It was an unexpected turn of events, but it was very fun and it made me happy.

The origin of Wada’s design lies with the creator of the Bokujou Monogatari series, Mr. [Yasuhiro] Wada…
That said, if you’re a dedicated fan of the series, you might already know this.


Mim asks: Was Pastor Brown in Harvest Moon 64 meant to be in Back to Nature, but scrapped in favor of Carter? What led to Carter’s debut? How did you decide Carter’s appearance?

Igusa Matsuyama:

I don’t know how much I can tell you about the relationship between Harvest Moon 64 and Harvest Moon: Back to Nature. I wish the Nintendo 64 had been more popular when Harvest Moon 64 was released… Because, at the time, those days were all about PlayStation.

By the time I had learned about Harvest Moon: Back to Nature, it was already far into the development of the game.
I received a request along the lines of “We tried to port the character portraits, but the size isn’t big enough. Please help us.” So, I ended up recreating Harvest Moon 64’s illustrations [for Back to Nature].

“Doctor,” “Won,” and “Carter” did not previously exist in Harvest Moon 64.
In regards to those three, I actually was not the one who designed them. The staff had already designed them before I joined (there were chibi models already in place on-screen), and I was asked to make illustrations to match [the game models].

So, this answer is a little contradictory when it comes to your first question, since the designs for these three had already been decided on and I only drew the illustrations to match.
I also don’t know the reason why Carter replaced Brown.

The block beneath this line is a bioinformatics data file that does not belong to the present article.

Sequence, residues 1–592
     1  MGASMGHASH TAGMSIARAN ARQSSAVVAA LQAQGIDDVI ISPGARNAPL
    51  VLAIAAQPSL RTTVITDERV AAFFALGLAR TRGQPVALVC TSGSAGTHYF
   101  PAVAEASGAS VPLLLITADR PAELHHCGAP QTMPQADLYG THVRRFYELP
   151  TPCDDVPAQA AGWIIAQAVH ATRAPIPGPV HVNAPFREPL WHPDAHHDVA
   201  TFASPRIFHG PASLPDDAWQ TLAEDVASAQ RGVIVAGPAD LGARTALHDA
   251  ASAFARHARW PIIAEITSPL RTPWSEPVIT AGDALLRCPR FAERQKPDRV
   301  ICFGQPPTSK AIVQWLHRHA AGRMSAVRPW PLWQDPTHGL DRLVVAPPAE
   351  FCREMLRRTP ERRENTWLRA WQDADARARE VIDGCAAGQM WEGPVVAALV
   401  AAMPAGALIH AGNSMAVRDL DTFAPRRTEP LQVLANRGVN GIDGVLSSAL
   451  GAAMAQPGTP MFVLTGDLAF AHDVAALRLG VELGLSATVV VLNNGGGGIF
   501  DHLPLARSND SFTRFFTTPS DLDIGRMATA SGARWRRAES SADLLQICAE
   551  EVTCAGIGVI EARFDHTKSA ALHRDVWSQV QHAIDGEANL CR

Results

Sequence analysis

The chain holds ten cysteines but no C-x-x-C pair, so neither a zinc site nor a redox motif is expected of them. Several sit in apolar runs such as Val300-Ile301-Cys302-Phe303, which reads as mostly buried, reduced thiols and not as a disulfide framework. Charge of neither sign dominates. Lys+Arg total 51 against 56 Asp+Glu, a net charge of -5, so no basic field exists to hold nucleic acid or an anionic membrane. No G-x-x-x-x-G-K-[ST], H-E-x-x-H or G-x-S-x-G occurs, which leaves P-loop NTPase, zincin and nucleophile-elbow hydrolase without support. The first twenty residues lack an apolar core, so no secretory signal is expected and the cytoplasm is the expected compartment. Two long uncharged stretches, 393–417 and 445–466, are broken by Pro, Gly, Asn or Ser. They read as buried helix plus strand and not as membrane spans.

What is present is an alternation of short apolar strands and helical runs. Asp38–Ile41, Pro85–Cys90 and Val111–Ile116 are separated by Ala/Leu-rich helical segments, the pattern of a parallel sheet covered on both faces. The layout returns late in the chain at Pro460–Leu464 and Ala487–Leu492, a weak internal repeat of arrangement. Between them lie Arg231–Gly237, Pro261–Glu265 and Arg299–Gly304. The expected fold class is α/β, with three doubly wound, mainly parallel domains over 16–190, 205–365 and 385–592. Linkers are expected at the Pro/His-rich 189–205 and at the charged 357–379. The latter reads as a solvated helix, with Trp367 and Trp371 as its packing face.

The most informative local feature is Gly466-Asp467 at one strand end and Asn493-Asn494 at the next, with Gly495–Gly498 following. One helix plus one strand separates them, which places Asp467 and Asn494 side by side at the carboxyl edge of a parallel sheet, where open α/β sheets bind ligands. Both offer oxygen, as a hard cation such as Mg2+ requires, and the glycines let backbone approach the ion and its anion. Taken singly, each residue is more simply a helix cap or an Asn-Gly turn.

It should be noted that, in regards to Story of Seasons: Friends of Mineral Town’s Carter, there is a reason behind the changes made to his design.
A request was made to alter his clothes to be closer to that of the Goddess and to make his expressions come off as more comical. This was a major design overhaul. As for Carter’s new design, I think you will be able to understand the changes when you actually play the game.

I have no intention of denying the existence of Carter from previous works.

Jerome asks: It feels like as time has gone on, outfits have steadily become more complicated with more patterns and other details. Were the simpler designs of older games because of graphical limitations?

Igusa Matsuyama:

Yes, that’s correct.

In the first Bokujou Monogatari title (Harvest Moon for SNES), the color palette was limited to a few colors for each character. We were only able to make detailed parts after the release of Harvest Moon: Save the Homeland.

Until then, they had to be simple designs that still conveyed the characters’ personalities. So, when working on designs, I always kept in mind, “How would this design look when deformed into a ‘chibi’ character?”

Nowadays, it’s an era where you can reproduce just about anything unless it’s absolutely impossible. Even so, I try to keep making designs that emphasize characters’ personalities and heritage, rather than distracting people with fancy decorations.

Jerome asks: In the past, the characters of Flowerbud and Mineral Town shared the same designs in spite of having different personalities and surroundings. I appreciated the changes to the new designs in Story of Seasons: Friends of Mineral Town and was curious as to how the change of these characters to their new setting came about?